How Long Does It Take To Detox From Alcohol?
When people start drinking they rarely consider the consequences of alcohol addiction. Over time, casual drinking or even occasional binging can turn into a full-blown addiction. Unfortunately, many people do not realize that being an alcoholic is not a criterion for experiencing alcohol withdrawal. This can be extremely unnerving for someone coming to terms with how much alcohol they imbibe, as well as for those who have yet to acknowledge their problem. Similarly, one does not necessarily need to be in treatment to experience alcohol withdrawal.
The onset of detoxification typically occurs within eight hours of the last drink and usually lasts anywhere from 5 days to 1 week. However, those with severe alcoholism may find their symptoms lasting for 2 to 3 weeks or more.
Many do not realize the severity of alcohol withdrawal syndrome. If not treated properly, alcohol withdrawal can turn deadly. As with any illicit substance, drinking alcohol frequently and/or for prolonged periods of time creates a chemical dependency. When the substance in question is removed from the system, the brain’s neurotransmitters go into shock. This is because alcohol affects multiple neurological pathways, suppressing the brain’s neurotransmitters and causing detrimental neuroadaptions. Removing it causes the system to rebound, which is when withdrawal symptoms are exhibited.
Symptoms of alcohol detox include anxiety, depression, irritability, fatigue, mood swings, sweating, elevated heart rate, nausea, vomiting, tremors, irritability, dehydration, seizures, and delirium tremens (DT). Interestingly, the symptoms of alcohol withdrawal are basically the inverse of the effects of alcohol during consumption.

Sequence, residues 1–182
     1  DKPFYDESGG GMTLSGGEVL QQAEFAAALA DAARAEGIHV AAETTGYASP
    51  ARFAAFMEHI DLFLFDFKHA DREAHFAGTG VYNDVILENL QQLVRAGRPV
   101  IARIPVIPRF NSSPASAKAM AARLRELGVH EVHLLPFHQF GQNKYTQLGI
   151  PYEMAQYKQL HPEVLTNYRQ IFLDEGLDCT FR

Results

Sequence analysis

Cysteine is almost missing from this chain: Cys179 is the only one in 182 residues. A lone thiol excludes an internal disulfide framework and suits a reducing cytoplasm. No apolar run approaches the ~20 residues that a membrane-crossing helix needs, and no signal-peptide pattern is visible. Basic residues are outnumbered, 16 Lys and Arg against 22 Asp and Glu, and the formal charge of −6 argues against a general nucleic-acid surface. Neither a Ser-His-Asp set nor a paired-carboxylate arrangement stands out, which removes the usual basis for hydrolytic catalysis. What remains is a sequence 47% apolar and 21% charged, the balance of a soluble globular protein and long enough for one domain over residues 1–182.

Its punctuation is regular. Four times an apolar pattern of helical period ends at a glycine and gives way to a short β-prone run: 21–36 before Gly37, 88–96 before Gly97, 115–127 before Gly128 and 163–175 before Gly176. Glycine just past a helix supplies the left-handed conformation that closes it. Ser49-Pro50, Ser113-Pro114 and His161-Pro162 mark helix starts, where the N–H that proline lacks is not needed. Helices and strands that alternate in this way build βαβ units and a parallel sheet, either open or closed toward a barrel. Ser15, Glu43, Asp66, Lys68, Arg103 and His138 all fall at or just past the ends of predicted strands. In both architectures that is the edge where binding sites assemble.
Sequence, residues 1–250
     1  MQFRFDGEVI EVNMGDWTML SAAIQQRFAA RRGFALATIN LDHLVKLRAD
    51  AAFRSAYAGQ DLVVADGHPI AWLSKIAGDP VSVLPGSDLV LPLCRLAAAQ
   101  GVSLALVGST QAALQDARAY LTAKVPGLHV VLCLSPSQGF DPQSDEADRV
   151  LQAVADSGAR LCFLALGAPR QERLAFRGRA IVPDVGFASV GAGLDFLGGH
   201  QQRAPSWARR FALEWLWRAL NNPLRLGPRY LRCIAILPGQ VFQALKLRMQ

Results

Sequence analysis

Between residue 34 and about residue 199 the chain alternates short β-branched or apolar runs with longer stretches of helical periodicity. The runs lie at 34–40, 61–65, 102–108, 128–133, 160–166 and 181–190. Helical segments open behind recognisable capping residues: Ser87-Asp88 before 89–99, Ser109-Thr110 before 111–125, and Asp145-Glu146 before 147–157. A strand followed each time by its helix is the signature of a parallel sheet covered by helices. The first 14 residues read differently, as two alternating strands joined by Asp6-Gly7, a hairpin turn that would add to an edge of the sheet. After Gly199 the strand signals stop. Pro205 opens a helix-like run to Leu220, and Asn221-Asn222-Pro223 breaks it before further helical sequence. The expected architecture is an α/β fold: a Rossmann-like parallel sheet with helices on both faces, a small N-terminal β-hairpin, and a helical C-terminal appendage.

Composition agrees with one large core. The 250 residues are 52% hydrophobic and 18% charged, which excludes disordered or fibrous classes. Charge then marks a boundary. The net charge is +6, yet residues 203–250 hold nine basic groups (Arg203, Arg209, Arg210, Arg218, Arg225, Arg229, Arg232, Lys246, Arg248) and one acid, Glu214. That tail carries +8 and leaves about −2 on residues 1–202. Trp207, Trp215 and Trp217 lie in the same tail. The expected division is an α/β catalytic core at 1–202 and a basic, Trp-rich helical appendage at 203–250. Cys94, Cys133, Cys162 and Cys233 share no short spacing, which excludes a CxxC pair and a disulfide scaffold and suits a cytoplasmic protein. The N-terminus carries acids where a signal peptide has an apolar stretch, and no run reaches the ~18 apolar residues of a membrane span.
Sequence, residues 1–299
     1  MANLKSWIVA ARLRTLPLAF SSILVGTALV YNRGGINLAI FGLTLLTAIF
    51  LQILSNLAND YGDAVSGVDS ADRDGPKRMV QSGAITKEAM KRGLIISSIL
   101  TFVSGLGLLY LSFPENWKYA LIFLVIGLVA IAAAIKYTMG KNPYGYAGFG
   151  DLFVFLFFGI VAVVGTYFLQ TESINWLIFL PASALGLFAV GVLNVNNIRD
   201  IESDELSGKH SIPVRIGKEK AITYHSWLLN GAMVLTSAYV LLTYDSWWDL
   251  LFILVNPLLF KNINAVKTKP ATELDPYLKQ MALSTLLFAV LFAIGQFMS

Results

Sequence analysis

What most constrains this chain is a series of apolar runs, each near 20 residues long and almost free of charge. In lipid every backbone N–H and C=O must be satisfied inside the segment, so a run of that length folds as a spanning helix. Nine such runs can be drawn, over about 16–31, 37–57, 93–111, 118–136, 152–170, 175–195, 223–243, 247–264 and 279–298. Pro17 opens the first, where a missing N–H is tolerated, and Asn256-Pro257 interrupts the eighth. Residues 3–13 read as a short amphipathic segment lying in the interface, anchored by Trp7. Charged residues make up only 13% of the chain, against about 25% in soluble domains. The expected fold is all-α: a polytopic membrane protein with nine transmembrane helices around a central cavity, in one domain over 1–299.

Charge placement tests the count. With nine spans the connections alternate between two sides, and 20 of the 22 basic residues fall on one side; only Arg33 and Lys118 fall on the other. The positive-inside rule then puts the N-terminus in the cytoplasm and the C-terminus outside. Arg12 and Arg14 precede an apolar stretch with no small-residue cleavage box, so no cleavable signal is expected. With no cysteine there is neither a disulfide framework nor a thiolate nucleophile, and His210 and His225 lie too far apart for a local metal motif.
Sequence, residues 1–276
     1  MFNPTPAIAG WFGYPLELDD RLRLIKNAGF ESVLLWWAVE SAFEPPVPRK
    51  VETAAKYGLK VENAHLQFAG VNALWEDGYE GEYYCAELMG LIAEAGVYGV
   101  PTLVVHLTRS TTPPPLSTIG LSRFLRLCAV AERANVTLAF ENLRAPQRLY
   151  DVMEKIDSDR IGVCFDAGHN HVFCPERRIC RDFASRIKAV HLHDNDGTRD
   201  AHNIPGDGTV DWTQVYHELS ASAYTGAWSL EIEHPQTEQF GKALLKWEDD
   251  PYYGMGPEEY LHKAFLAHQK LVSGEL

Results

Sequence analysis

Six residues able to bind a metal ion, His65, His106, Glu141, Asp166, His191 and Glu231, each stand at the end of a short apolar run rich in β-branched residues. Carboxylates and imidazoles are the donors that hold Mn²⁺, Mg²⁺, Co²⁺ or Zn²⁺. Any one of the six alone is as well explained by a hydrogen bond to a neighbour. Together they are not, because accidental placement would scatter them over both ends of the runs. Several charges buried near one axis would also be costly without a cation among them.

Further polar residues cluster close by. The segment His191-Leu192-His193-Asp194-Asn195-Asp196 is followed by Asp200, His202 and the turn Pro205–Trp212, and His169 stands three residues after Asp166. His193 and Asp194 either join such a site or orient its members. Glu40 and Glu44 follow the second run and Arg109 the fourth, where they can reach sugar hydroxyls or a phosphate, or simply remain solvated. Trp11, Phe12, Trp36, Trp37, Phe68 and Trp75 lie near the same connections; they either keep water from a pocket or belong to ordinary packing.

DT is one of the most serious symptoms of alcohol withdrawal. Colloquially known as “the shakes”, this nasty condition typically occurs in people who have consumed heavily for a decade or more and stopped suddenly. Symptoms typically occur within two to four days after the last drink, though in some cases they have been reported to occur up to ten days after.
The precise causes of DT are somewhat contested, but most experts agree that one of the primary causes is due to the fact that alcohol interferes with the body’s regulation of the neurotransmitter GABA. The theory is that heavy drinking fools the body into thinking that alcohol is actually GABA, which in turn results in decreased production of the latter. When alcohol is removed from the system the body misinterprets it as a lack of GABA, which then leads to DT.
Symptoms of DT include tremors, fatigue, altered cognitive functioning, restlessness, confusion, hallucinations, excessive sleep, delirium, and mood swings. Individuals have also reported severe seizures of the tonic-clonic variety.
DT is often treated by way of hospitalization, which enables the patient to be monitored. Doctors will typically use a benzodiazepine to sedate the patient, which suppresses the nervous system and reduces the overall symptoms.
One of the first questions asked by those experiencing withdrawal symptoms is how long the symptoms will last. Unfortunately, the answer is that it differs from person to person. Many professionals agree that the onset of withdrawal usually takes place within eight hours of the last drink, though it can also occur a day or so later depending on the person’s body chemistry. Symptoms usually last anywhere from 24 to 72 hours but can last weeks.
For individuals with mild to moderate alcohol addiction, detox can induce withdrawal symptoms such as insomnia and anxiety. Withdrawal effects peak around 72 hours, with symptoms subsiding after 5 to 7 days. On the other hand, those with severe alcohol addiction will notice a longer detox process as well as more severe side effects, such as DT.